There’s another sports-related US trademark issue that continues in the news. This time it revolves around the NFL’s Washington Redskins. The Redskins have been so named since 1933, but if a group of Native Americans is successful in their legal challenge, the Redskins may have to be the Redskins without the benefit of a United States trademark registration. (Click here to see related Washington Post article.)
Pro-Football, Inc. first trademarked the name, i.e., obtained a federal trademark registration, in 1967. However, in 2006, a group of Native Americans had their trademark lawyers file a petition before the Trademark Trial and Appeal Board (TTAB), which is part of the U.S. Patent and Trademark Office, asking federal authorities to strike down several of the team’s trademark registrations for “Redskins” on the grounds that it is a racial slur. The TTAB case, which has been ongoing for over six years, should be nearing a resolution. The parties’ trademark lawyers have submitted their trial briefs and a request for a hearing has been made. Currently, there is a motion to strike pending in the case, but one would likely expect a decision in the case before the end of 2013.
Whether or not the TTAB cancels Pro-Football, Inc.’s trademark registrations, it will not prevent the Washington Redskins from using the name Redskins. But losing their trademark registrations could make it more difficult for the team to go after trademark infringers and imitation merchandise since a trademark registration provides additional legal presumptions in favor of trademark owners. Every good trademark lawyer knows that it is easier to enforce a trademark with a valid trademark registration rather than relying solely on trademark common law.
This case prompts an interesting question. What are the rules about offensive or scandalous trademarks? Can you register a trademark for bad words or scandalous phrases? Federal statute prohibits the registering a trademark that “consists of or comprises immoral, deceptive, or scandalous matter; or matter which may disparage or falsely suggest a connection with persons, living or dead, institutions, beliefs, or national symbols, or bring them into contempt, or disrepute”.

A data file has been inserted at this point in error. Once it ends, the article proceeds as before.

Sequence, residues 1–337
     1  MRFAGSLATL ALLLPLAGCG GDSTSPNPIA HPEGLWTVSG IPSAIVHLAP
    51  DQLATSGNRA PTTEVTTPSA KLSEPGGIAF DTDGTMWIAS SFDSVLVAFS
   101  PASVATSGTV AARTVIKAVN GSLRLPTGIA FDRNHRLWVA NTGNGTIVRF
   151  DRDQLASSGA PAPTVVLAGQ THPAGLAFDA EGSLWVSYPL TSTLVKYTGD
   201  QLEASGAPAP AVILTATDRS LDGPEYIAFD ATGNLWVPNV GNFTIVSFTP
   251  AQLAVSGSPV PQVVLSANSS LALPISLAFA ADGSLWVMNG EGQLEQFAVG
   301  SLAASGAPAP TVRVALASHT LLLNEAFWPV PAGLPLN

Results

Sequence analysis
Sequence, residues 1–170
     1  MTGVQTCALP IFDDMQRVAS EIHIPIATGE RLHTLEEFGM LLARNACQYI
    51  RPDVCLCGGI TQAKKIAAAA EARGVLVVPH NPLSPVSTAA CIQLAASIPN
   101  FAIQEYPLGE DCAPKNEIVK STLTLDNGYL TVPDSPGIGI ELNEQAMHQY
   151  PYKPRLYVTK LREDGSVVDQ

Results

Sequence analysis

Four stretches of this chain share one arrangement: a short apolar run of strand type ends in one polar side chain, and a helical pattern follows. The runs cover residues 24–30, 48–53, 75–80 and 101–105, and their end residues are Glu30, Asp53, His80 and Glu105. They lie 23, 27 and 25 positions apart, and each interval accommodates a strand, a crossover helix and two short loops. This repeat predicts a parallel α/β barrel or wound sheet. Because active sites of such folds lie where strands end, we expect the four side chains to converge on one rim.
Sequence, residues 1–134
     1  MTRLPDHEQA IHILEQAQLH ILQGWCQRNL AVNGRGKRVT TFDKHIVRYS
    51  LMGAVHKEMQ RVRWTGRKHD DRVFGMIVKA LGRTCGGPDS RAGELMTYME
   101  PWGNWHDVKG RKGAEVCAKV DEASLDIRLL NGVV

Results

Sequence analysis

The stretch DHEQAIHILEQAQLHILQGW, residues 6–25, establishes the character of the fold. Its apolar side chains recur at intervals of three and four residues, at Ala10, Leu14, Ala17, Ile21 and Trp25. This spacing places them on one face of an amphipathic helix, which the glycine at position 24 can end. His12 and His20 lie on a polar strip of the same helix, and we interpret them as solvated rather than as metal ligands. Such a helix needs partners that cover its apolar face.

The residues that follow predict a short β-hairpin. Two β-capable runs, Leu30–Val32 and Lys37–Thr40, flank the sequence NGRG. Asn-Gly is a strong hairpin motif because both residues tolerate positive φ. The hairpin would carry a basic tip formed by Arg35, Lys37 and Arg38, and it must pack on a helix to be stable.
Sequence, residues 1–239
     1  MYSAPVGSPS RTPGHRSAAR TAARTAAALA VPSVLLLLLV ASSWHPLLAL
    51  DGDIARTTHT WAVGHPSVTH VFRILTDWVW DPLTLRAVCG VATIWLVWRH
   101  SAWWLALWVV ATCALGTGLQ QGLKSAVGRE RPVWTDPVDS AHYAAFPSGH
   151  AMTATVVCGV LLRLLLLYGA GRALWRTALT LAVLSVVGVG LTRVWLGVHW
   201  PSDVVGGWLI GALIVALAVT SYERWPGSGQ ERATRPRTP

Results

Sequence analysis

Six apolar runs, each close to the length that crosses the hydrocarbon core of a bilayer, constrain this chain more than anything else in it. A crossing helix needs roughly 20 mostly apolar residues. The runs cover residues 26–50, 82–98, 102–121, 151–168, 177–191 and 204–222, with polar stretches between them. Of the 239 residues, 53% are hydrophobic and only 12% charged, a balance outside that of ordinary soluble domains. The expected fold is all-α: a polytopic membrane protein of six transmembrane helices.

The statute language may appear subjective or even ambiguous. How does one decide what constitutes immoral or scandalous matter and what doesn’t? Pro-Football, Inc. first filed for US Trademark protection in 1967 and attitudes have changed a lot since then. If the same trademark applications were filed today, scrutiny during the examination period would likely be very different. In 1967 Redskins may not have seemed offensive, and thereby passed muster at the Trademark Office, but things are different today. It will be interesting to see how the TTAB addresses the issues raised by time-altered attitudes and whether Pro-Football’s brand will take a loss.
As indicated above, protecting your brand is easier with solid trademark registration. Trademark registrations have the benefit of legal presumptions such as the presumption of the ownership of the mark, the exclusive right to use the mark nationwide on or in connection with the goods/services listed in the registration, and the ability to bring an action concerning the mark in federal court. Should the
Redskins lose at the Trademark Trial and Appeal Board, they would lose these benefits, which could increase the costs of having their trademark lawyers protect the Redskin brand.